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Palgrave Macmillan

Universal Basic Income in Historical Perspective

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  • © 2021


  • Provides a crucial historical depth to current and growing debates around Universal Basic Income and the future of work
  • Shows how the idea of a guaranteed minimum income has moved on and off political agendas over the past century and in a wide variety of political contexts
  • Offers a global perspective and examines the historic role of transnational networks carrying the idea between the global north and global south

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About this book

This new edited collection brings together historians and social scientists to engage with the global history of Universal Basic Income (UBI) and offer historically-rich perspectives on contemporary debates about the future of work. In particular, the book goes beyond a genealogy of a seemingly utopian idea to explore how the meaning and reception of basic income proposals has changed over time. The study of UBI provides a prism through which we can understand how different intellectual traditions, political agents, and policy problems have opened up space for new thinking about work and welfare at critical moments.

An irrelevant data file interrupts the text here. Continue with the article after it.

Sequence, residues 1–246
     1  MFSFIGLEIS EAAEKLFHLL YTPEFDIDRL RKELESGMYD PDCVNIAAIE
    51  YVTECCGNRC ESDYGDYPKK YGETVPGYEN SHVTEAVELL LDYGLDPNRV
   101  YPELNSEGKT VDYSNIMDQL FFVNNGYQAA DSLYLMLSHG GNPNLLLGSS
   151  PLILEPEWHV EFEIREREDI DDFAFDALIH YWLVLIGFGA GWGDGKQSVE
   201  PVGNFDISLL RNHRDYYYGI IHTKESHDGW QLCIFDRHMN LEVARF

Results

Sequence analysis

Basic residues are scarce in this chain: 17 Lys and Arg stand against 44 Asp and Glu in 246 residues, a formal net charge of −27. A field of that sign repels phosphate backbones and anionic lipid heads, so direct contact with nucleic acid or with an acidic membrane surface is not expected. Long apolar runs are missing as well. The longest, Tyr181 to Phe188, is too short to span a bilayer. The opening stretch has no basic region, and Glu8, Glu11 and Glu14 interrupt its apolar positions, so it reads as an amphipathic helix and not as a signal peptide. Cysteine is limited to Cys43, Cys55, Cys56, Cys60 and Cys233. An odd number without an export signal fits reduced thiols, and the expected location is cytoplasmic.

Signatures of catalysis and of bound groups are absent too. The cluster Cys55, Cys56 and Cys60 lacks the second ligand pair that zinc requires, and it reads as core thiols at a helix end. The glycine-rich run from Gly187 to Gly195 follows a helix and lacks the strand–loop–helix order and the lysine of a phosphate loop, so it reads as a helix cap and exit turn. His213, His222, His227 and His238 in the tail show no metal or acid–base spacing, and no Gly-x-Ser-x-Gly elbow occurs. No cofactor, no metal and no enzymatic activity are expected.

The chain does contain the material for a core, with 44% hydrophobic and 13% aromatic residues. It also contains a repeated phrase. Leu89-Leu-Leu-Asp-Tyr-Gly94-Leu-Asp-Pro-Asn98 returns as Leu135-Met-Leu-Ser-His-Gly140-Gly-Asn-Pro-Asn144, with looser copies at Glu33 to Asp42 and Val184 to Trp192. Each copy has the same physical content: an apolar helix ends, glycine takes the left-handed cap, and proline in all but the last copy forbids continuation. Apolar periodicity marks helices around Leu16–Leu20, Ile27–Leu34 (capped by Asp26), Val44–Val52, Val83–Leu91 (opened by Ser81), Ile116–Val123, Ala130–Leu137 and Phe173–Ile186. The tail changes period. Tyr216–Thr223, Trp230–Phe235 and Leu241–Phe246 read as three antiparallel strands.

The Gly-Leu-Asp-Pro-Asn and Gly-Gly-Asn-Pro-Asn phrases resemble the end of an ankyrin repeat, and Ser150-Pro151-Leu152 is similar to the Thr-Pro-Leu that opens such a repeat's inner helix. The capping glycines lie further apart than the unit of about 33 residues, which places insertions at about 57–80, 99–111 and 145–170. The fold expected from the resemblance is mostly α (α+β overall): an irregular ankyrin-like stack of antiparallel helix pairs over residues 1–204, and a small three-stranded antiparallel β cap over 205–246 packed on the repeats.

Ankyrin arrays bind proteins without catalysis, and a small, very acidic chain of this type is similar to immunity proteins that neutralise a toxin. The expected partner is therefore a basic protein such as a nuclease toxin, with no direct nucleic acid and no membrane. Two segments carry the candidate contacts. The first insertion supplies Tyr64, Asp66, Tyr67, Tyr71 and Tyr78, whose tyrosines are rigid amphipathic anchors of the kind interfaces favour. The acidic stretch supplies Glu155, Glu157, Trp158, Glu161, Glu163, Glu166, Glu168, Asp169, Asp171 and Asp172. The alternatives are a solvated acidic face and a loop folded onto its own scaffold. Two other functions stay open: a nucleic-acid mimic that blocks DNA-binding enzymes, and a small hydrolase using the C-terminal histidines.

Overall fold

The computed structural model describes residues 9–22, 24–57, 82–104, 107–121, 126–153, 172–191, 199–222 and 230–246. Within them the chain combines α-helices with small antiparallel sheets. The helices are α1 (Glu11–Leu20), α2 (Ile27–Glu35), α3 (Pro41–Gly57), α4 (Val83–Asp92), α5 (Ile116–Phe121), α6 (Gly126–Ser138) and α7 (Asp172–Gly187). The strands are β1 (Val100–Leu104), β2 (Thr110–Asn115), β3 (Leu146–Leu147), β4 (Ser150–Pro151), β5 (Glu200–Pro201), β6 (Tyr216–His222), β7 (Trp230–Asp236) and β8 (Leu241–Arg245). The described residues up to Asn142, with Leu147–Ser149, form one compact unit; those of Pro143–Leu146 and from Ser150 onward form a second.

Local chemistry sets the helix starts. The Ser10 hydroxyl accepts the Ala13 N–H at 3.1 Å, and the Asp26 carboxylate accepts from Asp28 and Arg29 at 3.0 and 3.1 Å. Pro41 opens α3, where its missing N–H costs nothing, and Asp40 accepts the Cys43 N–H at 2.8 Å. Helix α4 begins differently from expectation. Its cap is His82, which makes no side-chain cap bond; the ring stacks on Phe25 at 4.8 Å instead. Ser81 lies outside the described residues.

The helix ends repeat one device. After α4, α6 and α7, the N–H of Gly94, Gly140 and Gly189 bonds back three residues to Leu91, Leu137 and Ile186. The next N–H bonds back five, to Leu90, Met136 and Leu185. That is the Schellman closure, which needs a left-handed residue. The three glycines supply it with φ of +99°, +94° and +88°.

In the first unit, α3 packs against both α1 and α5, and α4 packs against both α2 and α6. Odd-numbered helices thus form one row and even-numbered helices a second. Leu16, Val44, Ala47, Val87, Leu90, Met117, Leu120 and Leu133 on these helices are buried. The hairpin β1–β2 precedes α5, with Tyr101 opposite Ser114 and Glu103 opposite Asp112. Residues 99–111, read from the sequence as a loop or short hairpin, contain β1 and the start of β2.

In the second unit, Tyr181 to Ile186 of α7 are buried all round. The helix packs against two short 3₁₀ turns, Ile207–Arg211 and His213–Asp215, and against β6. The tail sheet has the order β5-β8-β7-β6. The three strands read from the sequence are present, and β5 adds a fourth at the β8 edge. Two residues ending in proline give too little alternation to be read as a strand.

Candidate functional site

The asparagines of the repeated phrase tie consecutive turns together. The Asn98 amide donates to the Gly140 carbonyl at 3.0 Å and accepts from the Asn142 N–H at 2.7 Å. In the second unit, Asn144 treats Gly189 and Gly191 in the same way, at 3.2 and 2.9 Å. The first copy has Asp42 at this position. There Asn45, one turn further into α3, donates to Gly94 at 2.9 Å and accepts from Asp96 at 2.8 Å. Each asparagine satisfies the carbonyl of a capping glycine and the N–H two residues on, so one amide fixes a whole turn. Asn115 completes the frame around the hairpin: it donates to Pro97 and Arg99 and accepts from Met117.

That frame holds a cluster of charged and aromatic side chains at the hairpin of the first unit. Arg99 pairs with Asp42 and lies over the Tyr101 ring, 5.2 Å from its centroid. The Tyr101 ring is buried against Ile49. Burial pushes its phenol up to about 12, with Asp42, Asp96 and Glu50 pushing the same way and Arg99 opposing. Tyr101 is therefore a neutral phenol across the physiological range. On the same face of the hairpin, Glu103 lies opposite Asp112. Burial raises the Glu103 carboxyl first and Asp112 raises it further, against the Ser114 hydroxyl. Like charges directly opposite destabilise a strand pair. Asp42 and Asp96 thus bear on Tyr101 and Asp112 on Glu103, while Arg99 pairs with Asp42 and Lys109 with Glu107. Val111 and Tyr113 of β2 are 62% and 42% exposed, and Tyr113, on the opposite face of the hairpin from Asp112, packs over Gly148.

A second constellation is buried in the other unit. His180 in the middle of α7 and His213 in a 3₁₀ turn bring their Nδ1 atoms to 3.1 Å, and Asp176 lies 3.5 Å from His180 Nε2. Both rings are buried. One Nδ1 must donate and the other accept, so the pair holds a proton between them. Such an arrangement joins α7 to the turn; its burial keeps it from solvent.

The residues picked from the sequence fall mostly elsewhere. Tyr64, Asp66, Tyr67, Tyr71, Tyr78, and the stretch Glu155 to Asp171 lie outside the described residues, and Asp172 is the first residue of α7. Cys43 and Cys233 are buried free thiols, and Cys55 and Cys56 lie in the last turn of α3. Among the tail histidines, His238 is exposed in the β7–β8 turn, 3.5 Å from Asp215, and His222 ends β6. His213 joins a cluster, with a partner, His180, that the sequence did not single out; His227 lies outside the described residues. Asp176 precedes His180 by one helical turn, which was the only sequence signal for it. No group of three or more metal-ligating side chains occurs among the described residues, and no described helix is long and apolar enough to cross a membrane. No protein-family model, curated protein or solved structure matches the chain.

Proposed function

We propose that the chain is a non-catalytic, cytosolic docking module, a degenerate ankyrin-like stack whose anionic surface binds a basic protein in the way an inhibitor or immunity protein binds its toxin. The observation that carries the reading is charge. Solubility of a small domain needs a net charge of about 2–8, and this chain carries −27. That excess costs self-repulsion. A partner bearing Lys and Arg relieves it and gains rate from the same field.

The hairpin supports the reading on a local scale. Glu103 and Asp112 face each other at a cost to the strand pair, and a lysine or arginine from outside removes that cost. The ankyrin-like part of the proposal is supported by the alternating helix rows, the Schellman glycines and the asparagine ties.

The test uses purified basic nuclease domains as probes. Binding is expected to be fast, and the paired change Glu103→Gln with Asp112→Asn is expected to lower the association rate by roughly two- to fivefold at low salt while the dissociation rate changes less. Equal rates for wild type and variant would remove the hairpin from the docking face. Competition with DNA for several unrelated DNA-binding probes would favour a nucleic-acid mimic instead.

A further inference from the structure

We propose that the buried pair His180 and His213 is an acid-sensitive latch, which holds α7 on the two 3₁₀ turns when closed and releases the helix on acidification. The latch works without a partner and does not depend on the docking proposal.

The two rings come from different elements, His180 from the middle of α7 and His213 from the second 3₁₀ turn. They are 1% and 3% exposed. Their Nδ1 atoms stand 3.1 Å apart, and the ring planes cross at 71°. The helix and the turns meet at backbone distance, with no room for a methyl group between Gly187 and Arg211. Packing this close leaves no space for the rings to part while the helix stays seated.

Contributions range broadly across time and space, from Milton Friedman and the debate over guaranteed income in the post-war United States to the emergence of the European basic income movement in the 1980s and the politics of cash transfers in contemporary South Africa. Taken together, these chapters address comparative questions: why do proposals for a guaranteed minimum income emerge at some times and recede into the background in others? What kinds of problems is basic income designed to solve, and how have policy proposals been shaped by changing attitudes to gender roles and the boundaries of social citizenship? What role have transnational networks played in carrying UBI proposals between the global north and the global south, and how does the politics of basic income vary between these contexts?

In short, the book builds on a growing body of scholarship on UBI and lays the groundwork for a much richer understanding of the history of this radical proposal.

Chapter 3 is available open access under a Creative Commons Attribution 4.0 International License via

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Table of contents (12 chapters)

Editors and Affiliations

  • Department of Politics and International Studies, University of Cambridge, Cambridge, UK

    Peter Sloman

  • Institut de sociologie, Université Libre de Bruxelles, Brussels, Belgium

    Daniel Zamora Vargas

  • Faculty of History, University of Cambridge, Cambridge, UK

    Pedro Ramos Pinto

About the editors

Peter Sloman is Senior Lecturer in British Politics at the University of Cambridge, UK.

Daniel Zamora Vargas is Lecturer in Sociology at the Université Libre de Bruxelles, Belgium.

Pedro Ramos Pinto is Senior Lecturer in International Economic History at the University of Cambridge, UK.

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